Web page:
Bebawi F.F.,Tropical Weeds Research Center | Campbell S.D.,Tropical Weeds Research Center | Mayer R.J.,Maroochy Research Station
Rangeland Journal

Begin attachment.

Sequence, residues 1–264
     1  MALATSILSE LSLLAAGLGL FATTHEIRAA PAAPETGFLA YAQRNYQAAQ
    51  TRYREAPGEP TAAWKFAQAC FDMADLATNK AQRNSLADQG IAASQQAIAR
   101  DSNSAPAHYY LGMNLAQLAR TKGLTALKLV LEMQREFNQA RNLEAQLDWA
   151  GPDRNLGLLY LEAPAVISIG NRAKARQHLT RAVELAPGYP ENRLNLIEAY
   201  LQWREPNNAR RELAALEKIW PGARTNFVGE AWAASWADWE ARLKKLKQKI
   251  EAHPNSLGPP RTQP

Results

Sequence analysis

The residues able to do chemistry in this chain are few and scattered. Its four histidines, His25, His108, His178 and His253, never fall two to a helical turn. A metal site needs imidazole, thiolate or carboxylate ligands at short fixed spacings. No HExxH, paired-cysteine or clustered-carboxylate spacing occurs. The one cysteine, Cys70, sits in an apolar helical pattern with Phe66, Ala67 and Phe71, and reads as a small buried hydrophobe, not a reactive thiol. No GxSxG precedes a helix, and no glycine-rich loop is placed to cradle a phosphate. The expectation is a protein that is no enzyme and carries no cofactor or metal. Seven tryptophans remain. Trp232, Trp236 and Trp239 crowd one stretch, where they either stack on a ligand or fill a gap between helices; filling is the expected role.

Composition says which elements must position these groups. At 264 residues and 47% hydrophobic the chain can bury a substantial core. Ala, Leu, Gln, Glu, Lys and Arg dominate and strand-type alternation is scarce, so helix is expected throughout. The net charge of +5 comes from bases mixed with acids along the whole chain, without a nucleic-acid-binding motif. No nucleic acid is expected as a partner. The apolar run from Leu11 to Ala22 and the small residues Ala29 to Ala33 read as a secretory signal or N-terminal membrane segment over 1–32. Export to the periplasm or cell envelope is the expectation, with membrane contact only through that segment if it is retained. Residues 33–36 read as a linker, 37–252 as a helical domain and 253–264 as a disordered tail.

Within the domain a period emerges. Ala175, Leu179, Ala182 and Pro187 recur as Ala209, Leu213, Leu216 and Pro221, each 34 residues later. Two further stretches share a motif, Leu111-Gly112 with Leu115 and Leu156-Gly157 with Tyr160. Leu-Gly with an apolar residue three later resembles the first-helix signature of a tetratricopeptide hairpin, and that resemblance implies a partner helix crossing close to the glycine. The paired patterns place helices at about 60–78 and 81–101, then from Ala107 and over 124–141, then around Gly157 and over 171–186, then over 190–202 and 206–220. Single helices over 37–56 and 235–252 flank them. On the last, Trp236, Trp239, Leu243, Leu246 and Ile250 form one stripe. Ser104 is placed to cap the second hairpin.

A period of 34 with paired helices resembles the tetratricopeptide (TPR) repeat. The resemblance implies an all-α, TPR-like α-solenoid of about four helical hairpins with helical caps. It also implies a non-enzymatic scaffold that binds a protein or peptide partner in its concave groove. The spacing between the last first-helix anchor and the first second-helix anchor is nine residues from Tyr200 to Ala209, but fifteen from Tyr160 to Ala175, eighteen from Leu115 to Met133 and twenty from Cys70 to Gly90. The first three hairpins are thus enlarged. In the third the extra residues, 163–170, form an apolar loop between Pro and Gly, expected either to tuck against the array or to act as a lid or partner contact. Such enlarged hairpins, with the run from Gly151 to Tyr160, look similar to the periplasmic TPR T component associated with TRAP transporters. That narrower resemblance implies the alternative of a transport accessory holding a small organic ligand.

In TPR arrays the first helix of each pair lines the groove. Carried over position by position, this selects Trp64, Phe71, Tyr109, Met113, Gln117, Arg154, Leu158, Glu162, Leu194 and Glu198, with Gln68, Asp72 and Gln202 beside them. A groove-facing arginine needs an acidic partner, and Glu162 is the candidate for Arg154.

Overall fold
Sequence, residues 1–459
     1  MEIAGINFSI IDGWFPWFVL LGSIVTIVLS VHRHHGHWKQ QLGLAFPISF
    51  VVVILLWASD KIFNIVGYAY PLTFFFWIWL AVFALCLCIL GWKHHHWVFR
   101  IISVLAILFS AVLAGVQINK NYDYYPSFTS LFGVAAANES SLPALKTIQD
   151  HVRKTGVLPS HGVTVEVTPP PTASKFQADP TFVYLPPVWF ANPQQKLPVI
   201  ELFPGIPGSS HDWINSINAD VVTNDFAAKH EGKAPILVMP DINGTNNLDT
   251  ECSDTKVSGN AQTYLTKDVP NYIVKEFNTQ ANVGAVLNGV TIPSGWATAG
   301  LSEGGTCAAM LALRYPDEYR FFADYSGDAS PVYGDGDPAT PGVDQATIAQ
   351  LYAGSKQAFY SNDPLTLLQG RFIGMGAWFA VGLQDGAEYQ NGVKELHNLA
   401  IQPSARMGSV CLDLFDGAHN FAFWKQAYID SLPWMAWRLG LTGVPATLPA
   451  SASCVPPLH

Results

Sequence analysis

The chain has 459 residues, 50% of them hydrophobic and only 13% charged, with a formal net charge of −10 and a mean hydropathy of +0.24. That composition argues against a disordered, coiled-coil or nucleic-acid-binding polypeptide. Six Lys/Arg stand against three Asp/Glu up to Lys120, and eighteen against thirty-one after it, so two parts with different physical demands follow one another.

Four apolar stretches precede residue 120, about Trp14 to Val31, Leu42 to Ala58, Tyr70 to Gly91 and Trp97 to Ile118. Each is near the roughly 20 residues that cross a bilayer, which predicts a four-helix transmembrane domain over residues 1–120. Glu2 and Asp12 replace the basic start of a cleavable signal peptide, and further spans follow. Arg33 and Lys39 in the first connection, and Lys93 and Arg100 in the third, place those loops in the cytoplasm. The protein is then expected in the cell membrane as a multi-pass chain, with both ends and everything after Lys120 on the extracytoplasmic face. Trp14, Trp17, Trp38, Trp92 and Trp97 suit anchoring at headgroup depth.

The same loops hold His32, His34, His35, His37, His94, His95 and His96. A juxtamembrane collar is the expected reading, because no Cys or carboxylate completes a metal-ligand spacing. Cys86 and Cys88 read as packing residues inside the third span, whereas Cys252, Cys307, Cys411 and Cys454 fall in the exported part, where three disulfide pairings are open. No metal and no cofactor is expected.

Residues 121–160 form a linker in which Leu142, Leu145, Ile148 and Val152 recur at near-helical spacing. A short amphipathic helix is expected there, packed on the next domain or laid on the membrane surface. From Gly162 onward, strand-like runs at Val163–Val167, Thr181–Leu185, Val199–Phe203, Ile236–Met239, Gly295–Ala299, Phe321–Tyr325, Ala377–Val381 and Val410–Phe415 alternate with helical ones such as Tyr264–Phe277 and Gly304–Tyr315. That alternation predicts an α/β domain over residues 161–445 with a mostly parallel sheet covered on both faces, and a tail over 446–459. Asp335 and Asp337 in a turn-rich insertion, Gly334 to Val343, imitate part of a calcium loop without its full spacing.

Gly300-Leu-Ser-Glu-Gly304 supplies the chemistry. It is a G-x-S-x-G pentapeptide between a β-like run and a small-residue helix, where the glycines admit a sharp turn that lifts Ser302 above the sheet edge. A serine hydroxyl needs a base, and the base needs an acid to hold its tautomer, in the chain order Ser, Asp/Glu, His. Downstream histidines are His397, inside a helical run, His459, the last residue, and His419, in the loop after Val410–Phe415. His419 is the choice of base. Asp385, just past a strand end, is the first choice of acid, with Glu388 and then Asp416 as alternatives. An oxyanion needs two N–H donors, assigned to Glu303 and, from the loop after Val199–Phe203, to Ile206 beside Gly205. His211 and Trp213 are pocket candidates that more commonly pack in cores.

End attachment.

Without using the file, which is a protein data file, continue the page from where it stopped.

Understanding the reproductive biology of Calotropis procera (Aiton) W.T. Aiton, an invasive weed of northern Australia, is critical for development of effective management strategies. Two experiments are reported on. In Experiment 1 seed longevity of C. procera seeds, exposed to different soil type (clay and river loam), pasture cover (present and absent) and burial depth (0, 2.5, 10 and 20cm) treatments were examined. In Experiment 2 time to reach reproductive maturity was studied. The latter experiment included its sister species, C. gigantea (L.) W.T. Aiton, for comparison and two separate seed lots were tested in 2009 and 2012 to determine if exposure to different environmental conditions would influence persistence. Both seed lots demonstrated a rapid decline in viability over the first 3 months and declined to zero between 15 and 24 months after burial. In Experiment 1, longevity appeared to be most influenced by rainfall patterns and associated soil moisture, burial depth and soil type, but not the level of pasture cover. Experiment 2 showed that both C. procera and C. gigantea plants could flower once they had reached an average height of 85cm. However, they differed significantly in terms of basal diameter at first flowering with C. gigantea significantly smaller (31mm) than C. procera (45mm). On average, C. gigantea flowered earlier (125 days vs 190 days) and set seed earlier (359 days vs 412 days) than C. procera. These results suggest that, under similar conditions to those that prevailed in the present studies, land managers could potentially achieve effective control of patches of C. procera in 2 years if they are able to kill all original plants and treat seedling regrowth frequently enough to prevent it reaching reproductive maturity. This suggested control strategy is based on the proviso that replenishment of the seed bank is not occurring from external sources (e.g. wind and water dispersal). © Australian Rangeland Society 2015. Source